Our mission is to change the world for the better where we can. We want to provide services of the highest quality in terms of convenience, creativity, speed to each of our clients anywhere in the world. At the same time, we have a sustainable development strategy, we have joined the UN Global Compact, we adhere to corporate ethics. All our companies create excellent products: IT solutions in various forms, merchandise, entertainment video content, startups that are selected and developed by a venture studio, infrastructure facilities that we are building in different parts of the world. Every day we work so that as many people as possible can enjoy each of our companies’ results.
Such an ambitious mission would have had no chance if we had not had values that are close to every employee. Respect for the cultural identity of everyone we interact with allows us to understand and be on the same page with people from all over the world. As a result, we know for sure that there are no boundaries – the world is big and small at the same time. Time and attention to each region where our products are presented have been converted into regular customers. And clients have brought knowledge and emotions into our lives that cannot be obtained with the help of new technologies. Although new technologies are very helpful in being flexible.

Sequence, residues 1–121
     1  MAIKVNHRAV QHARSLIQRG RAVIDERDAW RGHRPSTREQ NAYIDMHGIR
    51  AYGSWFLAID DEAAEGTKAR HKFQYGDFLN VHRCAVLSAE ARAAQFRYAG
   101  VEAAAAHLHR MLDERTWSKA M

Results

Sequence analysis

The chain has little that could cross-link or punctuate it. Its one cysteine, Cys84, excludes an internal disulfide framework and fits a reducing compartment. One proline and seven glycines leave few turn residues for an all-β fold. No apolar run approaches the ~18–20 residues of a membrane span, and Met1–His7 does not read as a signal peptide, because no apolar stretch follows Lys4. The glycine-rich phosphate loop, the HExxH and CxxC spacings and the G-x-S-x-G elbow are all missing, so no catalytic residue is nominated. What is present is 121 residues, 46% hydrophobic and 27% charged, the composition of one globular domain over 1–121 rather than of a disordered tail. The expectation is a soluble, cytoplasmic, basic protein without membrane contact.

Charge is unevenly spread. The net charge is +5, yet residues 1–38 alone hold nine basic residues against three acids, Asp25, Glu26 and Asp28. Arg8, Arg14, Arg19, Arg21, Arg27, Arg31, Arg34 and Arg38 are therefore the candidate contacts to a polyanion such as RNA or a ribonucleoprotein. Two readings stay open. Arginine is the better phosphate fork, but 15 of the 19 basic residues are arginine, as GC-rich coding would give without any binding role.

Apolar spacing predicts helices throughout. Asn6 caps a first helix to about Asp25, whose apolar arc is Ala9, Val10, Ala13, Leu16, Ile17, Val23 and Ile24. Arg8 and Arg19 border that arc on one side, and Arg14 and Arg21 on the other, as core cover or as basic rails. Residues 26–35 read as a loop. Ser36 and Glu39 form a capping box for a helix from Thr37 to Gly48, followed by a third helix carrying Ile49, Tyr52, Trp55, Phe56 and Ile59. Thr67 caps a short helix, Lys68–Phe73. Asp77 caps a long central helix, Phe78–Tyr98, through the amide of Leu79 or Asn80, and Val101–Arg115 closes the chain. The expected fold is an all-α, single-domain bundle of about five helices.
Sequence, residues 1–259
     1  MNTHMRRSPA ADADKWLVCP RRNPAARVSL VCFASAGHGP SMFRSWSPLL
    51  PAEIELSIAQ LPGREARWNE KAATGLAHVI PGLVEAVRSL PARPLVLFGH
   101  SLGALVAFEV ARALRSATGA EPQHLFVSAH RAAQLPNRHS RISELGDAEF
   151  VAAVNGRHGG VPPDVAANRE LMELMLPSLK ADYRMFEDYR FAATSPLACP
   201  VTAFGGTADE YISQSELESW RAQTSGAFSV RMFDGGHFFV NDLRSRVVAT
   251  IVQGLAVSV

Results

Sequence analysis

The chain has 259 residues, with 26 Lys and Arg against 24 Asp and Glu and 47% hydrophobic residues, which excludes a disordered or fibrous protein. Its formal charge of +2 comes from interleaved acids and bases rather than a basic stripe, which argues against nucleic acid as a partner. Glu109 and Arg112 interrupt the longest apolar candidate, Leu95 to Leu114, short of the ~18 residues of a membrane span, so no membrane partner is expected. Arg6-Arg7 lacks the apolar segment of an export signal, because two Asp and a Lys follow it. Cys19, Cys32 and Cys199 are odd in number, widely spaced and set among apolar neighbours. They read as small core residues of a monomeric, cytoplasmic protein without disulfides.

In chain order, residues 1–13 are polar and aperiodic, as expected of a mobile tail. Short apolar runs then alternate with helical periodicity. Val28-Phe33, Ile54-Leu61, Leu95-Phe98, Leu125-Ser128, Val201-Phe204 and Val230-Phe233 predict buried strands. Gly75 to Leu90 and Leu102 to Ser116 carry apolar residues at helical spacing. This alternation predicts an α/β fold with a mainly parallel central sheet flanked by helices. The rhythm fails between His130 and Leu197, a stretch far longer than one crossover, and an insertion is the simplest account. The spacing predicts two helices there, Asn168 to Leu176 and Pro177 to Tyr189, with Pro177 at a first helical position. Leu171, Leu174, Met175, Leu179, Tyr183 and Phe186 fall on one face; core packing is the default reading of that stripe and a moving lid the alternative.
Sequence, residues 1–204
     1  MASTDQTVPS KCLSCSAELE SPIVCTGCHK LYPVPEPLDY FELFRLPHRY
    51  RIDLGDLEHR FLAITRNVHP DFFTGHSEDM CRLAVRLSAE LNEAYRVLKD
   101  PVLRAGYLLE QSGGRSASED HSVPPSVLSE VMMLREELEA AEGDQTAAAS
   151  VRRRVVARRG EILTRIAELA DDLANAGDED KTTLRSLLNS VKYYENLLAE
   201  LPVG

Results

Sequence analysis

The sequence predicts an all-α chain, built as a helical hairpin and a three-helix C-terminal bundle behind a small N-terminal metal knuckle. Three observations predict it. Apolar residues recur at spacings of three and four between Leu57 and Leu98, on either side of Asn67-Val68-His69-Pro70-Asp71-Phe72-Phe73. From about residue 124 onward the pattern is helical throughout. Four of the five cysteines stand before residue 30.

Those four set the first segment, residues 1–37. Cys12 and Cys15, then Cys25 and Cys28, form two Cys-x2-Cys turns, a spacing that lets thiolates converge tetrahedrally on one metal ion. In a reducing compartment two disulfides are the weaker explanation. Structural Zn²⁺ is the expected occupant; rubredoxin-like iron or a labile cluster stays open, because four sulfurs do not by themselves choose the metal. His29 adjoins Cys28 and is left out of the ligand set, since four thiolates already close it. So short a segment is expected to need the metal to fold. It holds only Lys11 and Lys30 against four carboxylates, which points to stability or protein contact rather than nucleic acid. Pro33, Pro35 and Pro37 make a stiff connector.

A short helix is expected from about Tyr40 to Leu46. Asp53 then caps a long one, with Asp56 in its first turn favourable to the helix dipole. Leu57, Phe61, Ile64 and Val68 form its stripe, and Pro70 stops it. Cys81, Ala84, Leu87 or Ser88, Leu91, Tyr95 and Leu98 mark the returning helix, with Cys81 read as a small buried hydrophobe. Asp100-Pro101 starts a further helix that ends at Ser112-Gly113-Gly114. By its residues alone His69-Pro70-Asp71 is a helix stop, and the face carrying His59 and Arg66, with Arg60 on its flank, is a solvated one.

Our vision is living today while thinking about tomorrow. That’s why we created a venture studio. It monitors the startup market, selects the most interesting projects, and welcomes them to cooperation. We don’t accept just ideas, because their value is not that remarkable. Only market and customer-proven solutions can get our support. We do not buy beautiful words or presentations, but a working mechanism.
Delegating is part of being a great leader, but what have you found helpful to get your managers to become valiant leaders as well?